When I shoot in Hollywood.....ie. Hollywood gigs, almost everything is bid for an entire day with atleast a "daily minimum", and this minumum is not based on what Craig stated about "how much do you need to live and run your business", I have never heard of pricing a job based on "ones needs". WHat I mean is, there are standards for any given area when it comes to bidding a job......and this is one way to bid your job appropriately.....not just by saying, well my rent is this much and my car payment is that much....so therefore I bid "x" dollars for the job.

Rates will fluctuate of course, but you should use some sort of standard for bidding and not just grabbing rates from thin air based on what you need to live, your gas money for car, all this stuff.....this is not how a professional bids.
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Old October 18th, 2006, 02:27 PM   #5
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I agree with Joe. First if you shoot the 2 interviews on the same day (preferred) then you're looking at pretty much a whole day because let's face it. If they say 'we start at 9AM' they might not start until 10 or later. OOOPS, now they gotta take lunch so the next interview may not start until 2 PM and by the time all is said and done there goes your day. It seems to me the best way to charge is by day rate, whatever that is for you. For myself, I charge a rate for an 8 hour day with a basic camera package; camera, tripod, single wireless and on camera light. If they want off camera lighting there's an additional charge for that, if they want an 2nd wireless there's a charge for that, if they want a 2nd camera, manned or not, there's a charge for that. Now with that in mind before I blurt out any numbers I get as much information from them as I can and decide what I really need to shoot the job and adjust accordingly. Maybe I'll throw in the 2nd wireless maybe I won't charge for tape stock for the 2nd camera, maybe I'll package it so they feel like they're getting something and I'm still getting the right amount for the job. As for the job you mentioned, I would definately charge a day rate with lights. Remember you're hauling a lot of gear, time to get there, time to set up and breakdown, haul the gear back and oh yeah, I have rarely shot a talking heads without at least some overrun, meaning they have to go back and redo a few questions. It's important to have the person in charge of the shoot there so they can witness for themselves what is being shot so if there's anything that needs to be redone it can be done right then and there. Figure a day rate and don't be shy about it. You can always lower the pricing (with a logical reason) but you can never go up and if you land the job you'd be surprised how much work is involved and will be happy you charged a bit more than you might have been planning on.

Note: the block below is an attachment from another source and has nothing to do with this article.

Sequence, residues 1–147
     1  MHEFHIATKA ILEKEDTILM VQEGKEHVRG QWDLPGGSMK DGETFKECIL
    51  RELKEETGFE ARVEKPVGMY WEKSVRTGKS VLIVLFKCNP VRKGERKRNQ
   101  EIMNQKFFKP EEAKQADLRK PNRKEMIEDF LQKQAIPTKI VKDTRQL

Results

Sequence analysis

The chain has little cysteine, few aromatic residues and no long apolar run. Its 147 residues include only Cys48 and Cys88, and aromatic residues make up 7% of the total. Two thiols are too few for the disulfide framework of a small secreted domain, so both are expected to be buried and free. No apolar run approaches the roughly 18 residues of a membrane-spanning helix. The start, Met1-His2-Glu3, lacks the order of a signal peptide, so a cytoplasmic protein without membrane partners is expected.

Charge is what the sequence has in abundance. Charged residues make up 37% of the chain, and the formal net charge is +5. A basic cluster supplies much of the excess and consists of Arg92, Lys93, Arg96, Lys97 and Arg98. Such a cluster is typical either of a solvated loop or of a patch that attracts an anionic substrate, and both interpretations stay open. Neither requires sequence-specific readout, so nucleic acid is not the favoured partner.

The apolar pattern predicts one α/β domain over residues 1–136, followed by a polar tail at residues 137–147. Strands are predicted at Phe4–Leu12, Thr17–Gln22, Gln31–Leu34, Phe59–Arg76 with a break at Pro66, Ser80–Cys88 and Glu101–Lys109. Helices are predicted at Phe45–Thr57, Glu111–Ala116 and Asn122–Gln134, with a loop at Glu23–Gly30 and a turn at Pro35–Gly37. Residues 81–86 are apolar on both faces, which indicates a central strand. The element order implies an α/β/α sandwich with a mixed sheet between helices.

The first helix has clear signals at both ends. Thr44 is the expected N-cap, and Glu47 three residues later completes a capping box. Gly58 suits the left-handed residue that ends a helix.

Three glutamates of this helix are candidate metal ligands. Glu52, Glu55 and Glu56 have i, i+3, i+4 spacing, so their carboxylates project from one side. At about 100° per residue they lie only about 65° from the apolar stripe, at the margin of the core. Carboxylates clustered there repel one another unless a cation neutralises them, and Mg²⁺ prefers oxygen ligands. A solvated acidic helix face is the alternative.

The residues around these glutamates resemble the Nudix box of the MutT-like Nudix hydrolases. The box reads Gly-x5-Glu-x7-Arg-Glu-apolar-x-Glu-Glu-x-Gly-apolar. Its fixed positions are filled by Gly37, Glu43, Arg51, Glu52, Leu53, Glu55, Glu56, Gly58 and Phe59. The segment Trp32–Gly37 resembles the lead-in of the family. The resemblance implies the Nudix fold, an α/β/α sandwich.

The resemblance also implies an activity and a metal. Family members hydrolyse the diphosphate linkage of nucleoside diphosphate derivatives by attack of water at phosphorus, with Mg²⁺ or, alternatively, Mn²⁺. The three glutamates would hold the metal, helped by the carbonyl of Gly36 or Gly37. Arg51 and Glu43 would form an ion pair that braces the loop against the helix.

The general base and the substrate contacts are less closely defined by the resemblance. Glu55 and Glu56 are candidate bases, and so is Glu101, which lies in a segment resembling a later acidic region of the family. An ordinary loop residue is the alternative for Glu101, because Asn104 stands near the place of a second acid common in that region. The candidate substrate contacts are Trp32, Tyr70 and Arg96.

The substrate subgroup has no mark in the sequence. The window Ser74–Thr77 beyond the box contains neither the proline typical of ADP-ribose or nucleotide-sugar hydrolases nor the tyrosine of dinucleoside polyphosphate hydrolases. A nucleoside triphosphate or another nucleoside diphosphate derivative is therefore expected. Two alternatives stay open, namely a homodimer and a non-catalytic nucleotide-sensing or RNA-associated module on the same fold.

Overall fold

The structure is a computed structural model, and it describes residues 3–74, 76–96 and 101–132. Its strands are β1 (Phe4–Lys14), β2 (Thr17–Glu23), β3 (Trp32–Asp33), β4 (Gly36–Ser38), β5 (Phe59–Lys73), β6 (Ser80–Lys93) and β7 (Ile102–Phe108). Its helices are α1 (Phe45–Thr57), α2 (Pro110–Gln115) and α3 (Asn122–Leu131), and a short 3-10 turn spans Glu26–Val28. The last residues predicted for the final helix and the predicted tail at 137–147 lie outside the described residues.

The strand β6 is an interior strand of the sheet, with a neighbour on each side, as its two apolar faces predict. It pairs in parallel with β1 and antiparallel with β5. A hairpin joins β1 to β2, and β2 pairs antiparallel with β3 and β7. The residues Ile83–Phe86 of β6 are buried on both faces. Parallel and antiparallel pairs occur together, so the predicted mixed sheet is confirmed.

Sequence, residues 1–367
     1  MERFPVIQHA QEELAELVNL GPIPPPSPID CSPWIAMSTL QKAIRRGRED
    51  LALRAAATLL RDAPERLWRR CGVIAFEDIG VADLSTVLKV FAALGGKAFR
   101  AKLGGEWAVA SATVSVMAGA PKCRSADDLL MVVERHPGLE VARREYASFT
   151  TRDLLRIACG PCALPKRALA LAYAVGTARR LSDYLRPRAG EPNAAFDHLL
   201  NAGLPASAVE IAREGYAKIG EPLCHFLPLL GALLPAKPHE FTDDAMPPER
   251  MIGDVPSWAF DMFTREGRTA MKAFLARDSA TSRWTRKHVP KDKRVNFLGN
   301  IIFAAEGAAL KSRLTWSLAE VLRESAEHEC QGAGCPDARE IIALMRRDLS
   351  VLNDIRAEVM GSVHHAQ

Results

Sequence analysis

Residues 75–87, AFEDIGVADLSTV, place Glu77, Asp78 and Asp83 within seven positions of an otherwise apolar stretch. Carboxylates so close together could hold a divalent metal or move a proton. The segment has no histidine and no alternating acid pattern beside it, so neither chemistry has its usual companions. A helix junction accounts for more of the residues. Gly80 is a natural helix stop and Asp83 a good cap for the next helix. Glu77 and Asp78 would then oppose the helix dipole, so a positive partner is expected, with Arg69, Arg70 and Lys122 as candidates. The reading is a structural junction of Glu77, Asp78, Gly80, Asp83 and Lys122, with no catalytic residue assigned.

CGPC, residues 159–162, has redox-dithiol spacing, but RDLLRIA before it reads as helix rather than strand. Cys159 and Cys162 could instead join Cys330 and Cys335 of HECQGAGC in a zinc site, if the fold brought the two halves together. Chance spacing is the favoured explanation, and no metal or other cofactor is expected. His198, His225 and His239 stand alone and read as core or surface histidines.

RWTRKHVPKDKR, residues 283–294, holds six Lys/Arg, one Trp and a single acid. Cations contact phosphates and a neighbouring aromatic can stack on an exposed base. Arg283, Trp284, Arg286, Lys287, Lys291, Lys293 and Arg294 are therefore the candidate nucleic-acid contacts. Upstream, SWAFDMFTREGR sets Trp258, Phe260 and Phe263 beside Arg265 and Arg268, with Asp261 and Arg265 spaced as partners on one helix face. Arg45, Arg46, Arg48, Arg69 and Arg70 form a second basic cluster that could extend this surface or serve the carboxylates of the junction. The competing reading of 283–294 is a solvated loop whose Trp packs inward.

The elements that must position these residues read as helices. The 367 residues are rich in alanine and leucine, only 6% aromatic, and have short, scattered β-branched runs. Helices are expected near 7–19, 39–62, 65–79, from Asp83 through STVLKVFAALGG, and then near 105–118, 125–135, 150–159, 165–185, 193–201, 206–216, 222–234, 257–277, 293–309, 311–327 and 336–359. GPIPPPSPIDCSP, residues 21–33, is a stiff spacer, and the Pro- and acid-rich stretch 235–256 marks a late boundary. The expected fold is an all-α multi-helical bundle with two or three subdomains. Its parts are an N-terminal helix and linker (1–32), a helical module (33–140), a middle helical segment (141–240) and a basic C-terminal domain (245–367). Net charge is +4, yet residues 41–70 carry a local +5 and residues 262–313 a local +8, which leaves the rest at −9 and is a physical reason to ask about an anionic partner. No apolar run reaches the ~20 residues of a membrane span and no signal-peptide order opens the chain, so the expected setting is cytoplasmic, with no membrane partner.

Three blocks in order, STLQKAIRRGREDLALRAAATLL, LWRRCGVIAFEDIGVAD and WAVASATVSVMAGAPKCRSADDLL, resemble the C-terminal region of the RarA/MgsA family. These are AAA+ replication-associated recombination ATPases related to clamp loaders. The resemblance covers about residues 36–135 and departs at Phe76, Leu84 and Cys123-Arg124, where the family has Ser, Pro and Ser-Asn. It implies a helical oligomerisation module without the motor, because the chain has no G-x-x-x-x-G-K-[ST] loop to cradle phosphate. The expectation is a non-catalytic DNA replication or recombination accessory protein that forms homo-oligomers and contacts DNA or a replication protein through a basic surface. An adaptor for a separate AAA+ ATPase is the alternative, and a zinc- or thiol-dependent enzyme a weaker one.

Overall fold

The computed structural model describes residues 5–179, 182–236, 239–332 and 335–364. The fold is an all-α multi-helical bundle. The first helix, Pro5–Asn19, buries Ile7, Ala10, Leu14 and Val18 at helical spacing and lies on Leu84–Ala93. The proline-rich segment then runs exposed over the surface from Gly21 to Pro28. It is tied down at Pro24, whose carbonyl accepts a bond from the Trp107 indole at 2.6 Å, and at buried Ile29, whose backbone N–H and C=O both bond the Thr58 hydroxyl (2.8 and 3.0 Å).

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Old October 18th, 2006, 03:37 PM   #6
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....and for any editing, when you make your bid.....do your best to break it down for them so there's an understanding on whats involved, unless they will be present at the edit. your clients will be at the shoot so they know and will see what youre doing.....but if you throw a rate for the edits....they may wonder.....what is actually involved. at the very least educate them a bit opposed to just saying....it will cost you "$$$". most people like to know how their money is being spent when it comes to projects like yours.

for any professional job, ie. talking head interview, inside "studio" type environment will entail the use of lighting, reflectors, grip gear of some sort....i have never shot an inside studio type shoot witout the use of a professional lighting set up, so this should be included with your day rate....just bid it accordingly but I would personally include it becauseyou need it for professional results imo.


for example if i were shooting this project(breakdown of gear/crew):

*multi cam (DV cam format)-2 operators
*lighting, grip gear and expendables
*sound gear and mixer
Rate: a million bucks

I would bid it all together like so.
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Old October 19th, 2006, 11:07 AM   #7
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Thanks

Craig, Don and Joe--I appreciate all the insights into how you each come up with your pricing. I especially agree with not low-balling myself combined with breaking the costs down for the client. Thanks for taking the time to help.
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Old October 19th, 2006, 02:27 PM   #8
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Dont Forget edit time. It is unlikely that you will be able to dump the interviews derictly to DVD. Titles, audio, cutting out bloopers, etc. Figure at least another day for that maybe two.